There are challenges with public policy around mining that must be worked through, including issues around permitting. Ensuring that mines can be permitted more quickly without sacrificing environmental and social standards is essential. Then, of course, even though there may be policies in place, there’s a challenge of execution. It is one thing to have policies and another thing to execute them in practice. The social dimension in Brazil, the structural inequality, is a key challenge for the industry but it is not something the industry can wash its hands of. Going back far enough, the root causes of inequality can be traced to colonialism, which is also tied to mining. So, it puts an even greater responsibility on us as an industry to play a constructive role in bringing society together, reducing inequality and providing opportunities for development. 

Could you provide an update on the ICMM’s work in tailings management?

The tragedies at Mariana and Brumadinho catalyzed the industry to reset tailings dam management fundamentally. It led to the Global Industry Standard on Tailings Management (GISTM), which ICMM developed together with the United Nations Environment Programme and the Principles for Responsible Investment. We have just passed a significant milestone for the standard. ICMM members committed that for tailings dams with the highest consequence classifications, extreme or very high, they would disclose their levels of conformance by August of 2023. All members have done that, including our members who operate in Brazil. For all other dams, they will do so by August 2025.

For ICMM companies, this is a top priority. We want to ensure that wherever we operate, all our dams are being managed as safely as possible in conformance with the standard. It must not stop there. We want all companies, whether they are ICMM members or not, to embrace the standard and ensure that they are managing their dams in accordance with the standard. I am proud to say that many investors have joined us in saying that they will not invest in companies or will vote against the board of companies that do not adopt the standard. We need that kind of pressure and support from other partners outside of the industry to encourage the adoption of this standard.

Another crucial part of tailings management is how to mine in the future without generating significant tailings or how to reuse them to make them safer and reduce waste. At Hydro’s Paragominas operation, we saw a fantastic technology called dry tailings backfill, where they dry the tailings from bauxite mining, keep them in safe containment areas, and then use that waste to backfill the areas they have mined so that it can be re-vegetated. Not only are you making the tailings structure much safer, but you are also using the same material to backfill and prevent waste. That is the type of innovation that the industry will need to have a future in which we can grow mining supply while shrinking the quantities of tailings we are producing.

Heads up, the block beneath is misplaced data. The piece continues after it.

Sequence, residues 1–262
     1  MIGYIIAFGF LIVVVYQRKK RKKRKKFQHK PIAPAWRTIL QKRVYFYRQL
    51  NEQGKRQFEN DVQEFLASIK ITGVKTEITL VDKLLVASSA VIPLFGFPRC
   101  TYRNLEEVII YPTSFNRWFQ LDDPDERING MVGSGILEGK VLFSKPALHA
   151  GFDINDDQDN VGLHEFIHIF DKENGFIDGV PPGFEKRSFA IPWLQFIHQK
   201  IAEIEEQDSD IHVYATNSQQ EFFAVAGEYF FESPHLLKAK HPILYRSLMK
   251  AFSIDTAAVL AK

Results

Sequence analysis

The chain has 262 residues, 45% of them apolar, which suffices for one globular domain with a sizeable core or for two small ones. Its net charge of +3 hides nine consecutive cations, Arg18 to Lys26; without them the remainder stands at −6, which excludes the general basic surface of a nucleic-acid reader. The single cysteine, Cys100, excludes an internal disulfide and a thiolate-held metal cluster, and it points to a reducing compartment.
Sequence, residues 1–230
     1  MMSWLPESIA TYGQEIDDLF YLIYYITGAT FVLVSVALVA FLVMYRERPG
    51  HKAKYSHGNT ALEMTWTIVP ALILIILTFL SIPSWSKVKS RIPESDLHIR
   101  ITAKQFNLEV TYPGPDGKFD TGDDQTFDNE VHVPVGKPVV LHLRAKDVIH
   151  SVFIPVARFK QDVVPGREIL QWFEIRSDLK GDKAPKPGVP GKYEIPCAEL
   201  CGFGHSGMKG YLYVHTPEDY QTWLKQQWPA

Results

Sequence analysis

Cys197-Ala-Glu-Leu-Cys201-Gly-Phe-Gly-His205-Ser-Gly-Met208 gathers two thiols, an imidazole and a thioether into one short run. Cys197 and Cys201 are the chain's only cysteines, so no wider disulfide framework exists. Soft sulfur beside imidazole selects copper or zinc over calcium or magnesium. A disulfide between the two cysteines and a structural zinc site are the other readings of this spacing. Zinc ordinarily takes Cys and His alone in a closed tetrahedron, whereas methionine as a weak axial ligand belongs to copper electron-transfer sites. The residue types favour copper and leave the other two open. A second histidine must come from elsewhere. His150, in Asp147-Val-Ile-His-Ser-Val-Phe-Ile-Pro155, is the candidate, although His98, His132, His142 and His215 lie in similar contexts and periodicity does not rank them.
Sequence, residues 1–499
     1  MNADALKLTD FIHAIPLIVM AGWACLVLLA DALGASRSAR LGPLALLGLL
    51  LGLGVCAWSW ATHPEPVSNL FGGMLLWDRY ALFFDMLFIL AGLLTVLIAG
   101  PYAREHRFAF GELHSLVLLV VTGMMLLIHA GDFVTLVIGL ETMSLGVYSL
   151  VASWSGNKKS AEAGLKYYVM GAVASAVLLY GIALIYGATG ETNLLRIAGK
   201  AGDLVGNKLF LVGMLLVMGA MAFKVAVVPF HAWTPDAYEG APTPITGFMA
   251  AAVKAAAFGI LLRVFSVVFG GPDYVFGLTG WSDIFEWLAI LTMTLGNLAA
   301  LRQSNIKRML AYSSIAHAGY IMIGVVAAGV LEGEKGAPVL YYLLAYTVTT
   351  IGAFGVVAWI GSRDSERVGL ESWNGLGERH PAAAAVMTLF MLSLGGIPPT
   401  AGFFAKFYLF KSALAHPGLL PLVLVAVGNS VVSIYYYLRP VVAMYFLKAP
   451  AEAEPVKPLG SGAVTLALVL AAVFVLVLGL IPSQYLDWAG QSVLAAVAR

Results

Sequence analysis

"We have a generational opportunity to strengthen our domestic mining industry and ensure that Made in America means Mined in America."
"We have tested autonomous trucks and underground battery-driven equipment, and currently we have several open-pit drills at Carlin operating autonomously."
"The evolving role of mining, from a previously overlooked sector to now being considered a critical industry globally, underscores the need for strategic innovation and sustainable mining practices."
"NORCAT is the only innovation centre in the world that has an operating mine designed to enable start-ups, SMEs, and international companies to develop, test and demonstrate emerging technologies."


Mexico Chemicals 2024

In August 2023, Mexican exports to the US surpassed China for the first time. As companies prioritize securing supply their chains after years of logistics challenges, Mexico has begun to see major benefits. With a spate of new infrastructure projects such as the Interoceanic Corridor of the Isthmus of Tehuantepec coming online in 2023, the country is actively opening itself to investment. The chemical industry, in particular, is positioned for nearshoring-driven growth.



"We plan to double our copper production by the end of the decade. There remains significant upside potential in the gold industry, and the copper operations are strategic and additive to that."